Friday, April 11, 2014

Throne of Ahaz - At the Mountains of Northern Storms (1992)

Throne of Ahaz was one of the better Black Metal bands to emerge from Sweden, in the early '90s. For one reason or another, they failed to attain the same level of notoriety of their less deserving peers in the scene. Nonetheless, these guys managed to release two very solid full-lengths and a demo. Released in 1992, their first effort was titled At the Mountains of Northern Storms.

The songwriting here is not what most would expect from a Black Metal recording of this time period. However, it makes perfect sense, as the Norwegian sound was just becoming established and many of their contemporaries had their own thing going, before shifting gears and following the path created by the likes of Darkthrone and Burzum. Of the three proper tracks on this tape, none are the sort of fast-paced, one-dimensional compositions that would soon be spewed forth from every corner of Europe and beyond. Songs such as "The Calling Blaze" showed some influence from early Bathory, while still offering up plenty of Doom riffs that would make Candlemass proud. The band members' background in earlier Death Metal groups is noticeable in the musicianship and even one of the riffs found in the title track. This vibe is present in the final song, "Under a Fullmoon Night", but the raspy vocals and shoddy sound help tie it to the rest of the material.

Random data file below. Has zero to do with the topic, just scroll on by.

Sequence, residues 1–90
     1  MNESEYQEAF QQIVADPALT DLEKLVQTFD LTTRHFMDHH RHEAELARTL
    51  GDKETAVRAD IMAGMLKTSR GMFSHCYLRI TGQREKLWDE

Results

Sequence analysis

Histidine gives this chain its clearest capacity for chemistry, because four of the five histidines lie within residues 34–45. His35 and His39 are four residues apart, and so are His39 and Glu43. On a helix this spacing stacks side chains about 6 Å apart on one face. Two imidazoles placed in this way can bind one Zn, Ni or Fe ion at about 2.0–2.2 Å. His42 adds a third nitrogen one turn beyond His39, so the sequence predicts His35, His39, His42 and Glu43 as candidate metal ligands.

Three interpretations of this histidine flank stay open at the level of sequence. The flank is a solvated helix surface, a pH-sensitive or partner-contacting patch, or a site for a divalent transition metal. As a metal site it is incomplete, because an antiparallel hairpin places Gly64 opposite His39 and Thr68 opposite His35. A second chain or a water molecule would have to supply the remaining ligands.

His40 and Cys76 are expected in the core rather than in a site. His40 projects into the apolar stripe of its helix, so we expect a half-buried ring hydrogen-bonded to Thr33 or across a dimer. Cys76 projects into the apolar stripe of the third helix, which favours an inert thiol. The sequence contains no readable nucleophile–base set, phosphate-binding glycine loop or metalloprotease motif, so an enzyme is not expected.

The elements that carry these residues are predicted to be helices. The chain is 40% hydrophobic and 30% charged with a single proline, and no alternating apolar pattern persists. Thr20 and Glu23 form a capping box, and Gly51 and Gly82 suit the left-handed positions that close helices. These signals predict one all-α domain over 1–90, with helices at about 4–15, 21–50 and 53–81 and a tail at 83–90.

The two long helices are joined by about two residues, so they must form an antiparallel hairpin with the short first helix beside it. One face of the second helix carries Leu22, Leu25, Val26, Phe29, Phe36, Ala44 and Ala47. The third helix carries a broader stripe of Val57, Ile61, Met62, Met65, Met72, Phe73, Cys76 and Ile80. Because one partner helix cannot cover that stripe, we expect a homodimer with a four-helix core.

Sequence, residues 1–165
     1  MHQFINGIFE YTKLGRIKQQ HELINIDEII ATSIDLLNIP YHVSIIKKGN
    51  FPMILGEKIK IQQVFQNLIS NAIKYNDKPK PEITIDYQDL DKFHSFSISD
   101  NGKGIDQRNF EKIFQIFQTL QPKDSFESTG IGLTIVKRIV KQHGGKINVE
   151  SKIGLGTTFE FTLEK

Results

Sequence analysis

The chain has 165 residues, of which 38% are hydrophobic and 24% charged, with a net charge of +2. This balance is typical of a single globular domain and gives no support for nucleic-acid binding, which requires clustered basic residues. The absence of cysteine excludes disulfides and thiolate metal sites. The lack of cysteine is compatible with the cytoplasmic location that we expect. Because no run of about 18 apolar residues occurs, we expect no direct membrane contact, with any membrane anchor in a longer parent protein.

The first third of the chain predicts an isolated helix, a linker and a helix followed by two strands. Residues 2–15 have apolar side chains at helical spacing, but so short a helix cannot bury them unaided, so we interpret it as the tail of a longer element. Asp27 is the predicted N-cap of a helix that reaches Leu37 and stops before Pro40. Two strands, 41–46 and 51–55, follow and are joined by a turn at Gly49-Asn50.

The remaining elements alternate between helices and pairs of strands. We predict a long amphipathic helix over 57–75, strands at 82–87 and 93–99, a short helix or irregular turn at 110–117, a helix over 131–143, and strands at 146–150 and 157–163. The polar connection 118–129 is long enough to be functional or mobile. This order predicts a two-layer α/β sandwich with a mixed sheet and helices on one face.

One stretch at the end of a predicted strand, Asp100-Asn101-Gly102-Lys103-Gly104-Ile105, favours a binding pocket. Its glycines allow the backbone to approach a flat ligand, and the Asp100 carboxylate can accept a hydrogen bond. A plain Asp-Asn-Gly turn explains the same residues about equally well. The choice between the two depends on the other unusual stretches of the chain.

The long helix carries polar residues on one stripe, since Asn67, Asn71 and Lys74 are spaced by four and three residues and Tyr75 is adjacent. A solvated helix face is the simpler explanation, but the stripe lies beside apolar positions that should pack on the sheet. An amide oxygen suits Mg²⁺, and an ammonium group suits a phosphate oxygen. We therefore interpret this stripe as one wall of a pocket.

The production has just enough static, distortion and hissing to add to the old school vibe of the music, while still allowing for everything to come across rather well. The guitars are raw enough, but possess a thick and powerful sound. The guitar tone is not as sharp as on Nifelheim, however. The drumming is in the background, where it belongs, yet loud enough to serve its purpose. The vocals avoid the common demo issue of being either too loud or too quiet, being right at the appropriate level.

At the Mountains of Northern Storms is quite good for a demo. In fact, it beats the hell out of most Black Metal being released these days, especially in Sweden. The songwriting is varied and displays compositional skill that was somewhat rare among their peers at that time. Throne of Ahaz followed up on this with the brilliant Nifelheim record, though delays prevented it from having the impact that it should have had. This short-lived project deserves to be more widely known and any of their material is recommended listening.